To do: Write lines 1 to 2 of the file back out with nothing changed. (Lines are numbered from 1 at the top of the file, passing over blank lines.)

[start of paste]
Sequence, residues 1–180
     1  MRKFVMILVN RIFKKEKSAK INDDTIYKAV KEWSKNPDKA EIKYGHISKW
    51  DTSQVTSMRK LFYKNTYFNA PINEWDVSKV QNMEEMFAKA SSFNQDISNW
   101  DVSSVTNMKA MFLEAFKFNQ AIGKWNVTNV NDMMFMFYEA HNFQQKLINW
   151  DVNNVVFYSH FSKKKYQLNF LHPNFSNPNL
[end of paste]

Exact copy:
Sequence, residues 1–180
     1  MRKFVMILVN RIFKKEKSAK INDDTIYKAV KEWSKNPDKA EIKYGHISKW